Low-cost clocks for landing on the Moon
(26 October 2017 - ESA) A European clock accurate to a trillionth of a second is set to be used on satellites and missions to the Moon.
The ultra-precise time-keeper was conceived by a small company in Latvia, and ESA has recognised its potential for space.
A computer model of Luna-27 fly to the Moon’s south pole on Russia’s Luna-27 lander in 2022. (courtesy: Roscosmos)
“We are the Ferrari of timers with the components of a tractor,” says Nikolai Adamovitch of Eventech.
“We provide extreme timing accuracy using reliable and basic electronics. How accurate? They are able to measure the time that light takes to travel one centimetre.”
Small and cheap, they become a competitive tool for laser-ranging when paired with a computer.
More than 50 ground stations around the globe already use them to pinpoint the positions of satellites by measuring the round-trip time for a laser pulse to reach its target and return.
The company is already the world leader in timers for satellite laser stations but is looking to send its technology into space.
Radiation-proof and Moon-bound
Each component has at least three layers of radiation protection. A coating renders the device resistant to damage or malfunctions from cosmic rays.
ESA has chosen the timer to fly to the Moon’s south pole on Russia’s Luna-27 lander in 2022. Neptec UK is teaming up with Eventech to prepare the flight model for launch.
Neptec are working on a ‘lidar’ – the laser equivalent of radar – as an essential part of ESA’s autonomous landing and navigation system for Luna-27.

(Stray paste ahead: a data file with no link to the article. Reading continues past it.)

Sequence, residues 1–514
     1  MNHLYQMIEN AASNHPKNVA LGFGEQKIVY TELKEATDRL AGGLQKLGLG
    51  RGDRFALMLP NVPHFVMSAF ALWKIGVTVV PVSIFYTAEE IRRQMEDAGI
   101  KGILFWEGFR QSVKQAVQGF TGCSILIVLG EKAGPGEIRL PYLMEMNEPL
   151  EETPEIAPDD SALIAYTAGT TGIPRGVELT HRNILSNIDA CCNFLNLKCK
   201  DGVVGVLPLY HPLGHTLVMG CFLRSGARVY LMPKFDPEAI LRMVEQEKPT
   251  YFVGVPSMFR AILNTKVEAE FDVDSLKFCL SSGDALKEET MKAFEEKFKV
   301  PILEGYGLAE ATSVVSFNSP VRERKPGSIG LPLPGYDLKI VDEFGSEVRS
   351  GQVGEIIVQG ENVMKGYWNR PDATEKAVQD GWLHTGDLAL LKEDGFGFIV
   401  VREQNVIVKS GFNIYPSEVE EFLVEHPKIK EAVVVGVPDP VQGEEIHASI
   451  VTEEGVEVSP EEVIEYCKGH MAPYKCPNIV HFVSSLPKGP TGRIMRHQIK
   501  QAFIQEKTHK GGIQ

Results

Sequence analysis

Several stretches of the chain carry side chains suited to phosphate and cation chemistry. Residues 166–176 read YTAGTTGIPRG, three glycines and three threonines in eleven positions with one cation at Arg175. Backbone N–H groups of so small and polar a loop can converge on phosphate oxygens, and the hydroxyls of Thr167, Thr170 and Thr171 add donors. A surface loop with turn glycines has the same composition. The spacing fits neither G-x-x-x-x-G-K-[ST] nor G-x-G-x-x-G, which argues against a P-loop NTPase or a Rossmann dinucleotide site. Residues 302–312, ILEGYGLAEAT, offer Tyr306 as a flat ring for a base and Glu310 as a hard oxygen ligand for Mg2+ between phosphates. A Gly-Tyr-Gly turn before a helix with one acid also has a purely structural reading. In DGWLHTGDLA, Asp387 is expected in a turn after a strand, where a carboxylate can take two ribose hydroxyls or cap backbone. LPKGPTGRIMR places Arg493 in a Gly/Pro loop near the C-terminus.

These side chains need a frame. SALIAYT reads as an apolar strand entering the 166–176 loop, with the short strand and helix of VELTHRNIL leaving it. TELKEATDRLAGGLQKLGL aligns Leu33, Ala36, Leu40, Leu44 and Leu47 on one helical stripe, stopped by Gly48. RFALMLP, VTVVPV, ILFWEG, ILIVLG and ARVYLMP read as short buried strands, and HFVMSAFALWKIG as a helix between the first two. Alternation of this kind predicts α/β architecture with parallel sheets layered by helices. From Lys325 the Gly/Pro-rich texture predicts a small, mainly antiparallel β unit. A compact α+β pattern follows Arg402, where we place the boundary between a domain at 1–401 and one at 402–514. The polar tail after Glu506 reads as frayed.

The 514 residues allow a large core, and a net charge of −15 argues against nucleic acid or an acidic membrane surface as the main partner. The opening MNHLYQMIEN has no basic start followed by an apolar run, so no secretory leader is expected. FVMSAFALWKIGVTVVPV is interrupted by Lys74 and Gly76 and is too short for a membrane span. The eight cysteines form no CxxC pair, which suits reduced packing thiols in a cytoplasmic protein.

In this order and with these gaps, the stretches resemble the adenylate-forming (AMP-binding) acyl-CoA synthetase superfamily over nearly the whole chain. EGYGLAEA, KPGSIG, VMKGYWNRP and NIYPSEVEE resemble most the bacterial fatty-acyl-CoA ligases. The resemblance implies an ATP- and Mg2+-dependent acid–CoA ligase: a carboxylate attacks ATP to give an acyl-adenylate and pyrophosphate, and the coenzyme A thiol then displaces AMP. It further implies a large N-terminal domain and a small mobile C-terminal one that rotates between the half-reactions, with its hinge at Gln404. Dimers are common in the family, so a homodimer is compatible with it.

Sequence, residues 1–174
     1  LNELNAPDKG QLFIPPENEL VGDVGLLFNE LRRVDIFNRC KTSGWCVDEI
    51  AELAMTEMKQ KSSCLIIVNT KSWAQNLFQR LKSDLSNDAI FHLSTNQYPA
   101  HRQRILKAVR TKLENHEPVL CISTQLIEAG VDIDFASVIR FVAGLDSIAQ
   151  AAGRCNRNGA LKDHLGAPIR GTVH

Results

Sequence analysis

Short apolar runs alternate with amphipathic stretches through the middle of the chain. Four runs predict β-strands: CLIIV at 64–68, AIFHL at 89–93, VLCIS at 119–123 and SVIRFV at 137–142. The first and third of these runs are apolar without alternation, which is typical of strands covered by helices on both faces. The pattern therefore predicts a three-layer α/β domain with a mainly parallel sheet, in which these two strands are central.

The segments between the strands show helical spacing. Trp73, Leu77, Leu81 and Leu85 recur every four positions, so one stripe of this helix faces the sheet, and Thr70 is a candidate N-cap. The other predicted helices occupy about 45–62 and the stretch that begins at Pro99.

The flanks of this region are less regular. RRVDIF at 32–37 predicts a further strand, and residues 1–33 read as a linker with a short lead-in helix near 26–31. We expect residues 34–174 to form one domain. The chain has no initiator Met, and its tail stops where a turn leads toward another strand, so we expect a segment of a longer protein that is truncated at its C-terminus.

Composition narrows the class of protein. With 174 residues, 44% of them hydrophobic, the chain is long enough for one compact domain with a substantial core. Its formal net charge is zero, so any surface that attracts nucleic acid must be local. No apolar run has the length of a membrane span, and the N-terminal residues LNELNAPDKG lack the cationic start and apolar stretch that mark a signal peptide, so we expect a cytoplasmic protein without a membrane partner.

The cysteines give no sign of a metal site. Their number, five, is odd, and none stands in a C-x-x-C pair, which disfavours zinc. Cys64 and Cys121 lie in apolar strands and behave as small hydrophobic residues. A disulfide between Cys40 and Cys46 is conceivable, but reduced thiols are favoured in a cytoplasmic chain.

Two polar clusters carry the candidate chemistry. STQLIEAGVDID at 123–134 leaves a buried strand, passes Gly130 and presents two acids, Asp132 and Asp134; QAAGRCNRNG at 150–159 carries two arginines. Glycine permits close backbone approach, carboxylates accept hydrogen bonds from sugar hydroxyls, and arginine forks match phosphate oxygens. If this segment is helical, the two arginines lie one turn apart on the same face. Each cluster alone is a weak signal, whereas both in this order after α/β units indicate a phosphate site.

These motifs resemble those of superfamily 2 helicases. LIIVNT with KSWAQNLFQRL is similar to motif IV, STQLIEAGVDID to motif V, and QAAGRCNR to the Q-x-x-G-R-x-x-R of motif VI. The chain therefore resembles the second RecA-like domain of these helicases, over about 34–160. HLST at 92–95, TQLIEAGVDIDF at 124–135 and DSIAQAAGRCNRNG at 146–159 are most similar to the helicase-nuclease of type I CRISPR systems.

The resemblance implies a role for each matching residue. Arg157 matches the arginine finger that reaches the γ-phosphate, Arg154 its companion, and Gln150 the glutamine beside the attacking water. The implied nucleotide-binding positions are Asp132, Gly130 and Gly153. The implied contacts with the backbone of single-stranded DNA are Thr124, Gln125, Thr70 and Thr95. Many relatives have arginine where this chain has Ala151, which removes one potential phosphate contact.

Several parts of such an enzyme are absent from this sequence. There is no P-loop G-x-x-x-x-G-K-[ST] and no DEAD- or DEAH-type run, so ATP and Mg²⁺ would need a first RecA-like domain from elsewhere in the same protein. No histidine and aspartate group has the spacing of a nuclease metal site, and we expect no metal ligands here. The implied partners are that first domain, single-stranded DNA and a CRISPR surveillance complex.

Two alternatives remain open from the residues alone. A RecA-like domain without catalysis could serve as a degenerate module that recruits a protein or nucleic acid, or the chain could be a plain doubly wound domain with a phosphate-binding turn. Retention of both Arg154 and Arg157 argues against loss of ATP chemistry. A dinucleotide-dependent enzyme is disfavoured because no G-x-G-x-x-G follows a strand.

The clock will measure the time light pulses take to return to Luna-27 after bouncing off the surface during landing.
“This allows us to build a 3D map to select the best landing site, avoiding uneven terrain and large rocks,” explains Kerry Sanz, the project manager at Neptec.
A map of a Moon crater. A ‘lidar’ – the laser equivalent of radar – will be an essential part of ESA’s autonomous landing and navigation system for Luna-27. Leia (Lidar for Extra-terrestrial Imaging Applications) will scan the surface of the Moon with a laser for hazards such as slopes, boulders, craters and shadows. If the site seems too dangerous, the lander can decide to target a safer zone. (courtesy: ESA)
“We are very excited – this is the first of a series of missions that could lead to a human base on the Moon and we are involved in ensuring the spacecraft can land safely.”
This ‘made in Europe’ technology will also benefit us on Earth: “There could be more applications for extreme radiation environments on Earth such as nuclear power stations or particle accelerators such as the Large Hadron Collider,” says Nikolai.
Other uses include synchronising time between devices through optic fibre, deep-space laser communications, and laser altimetry to collect 3D information on Earth’s surface.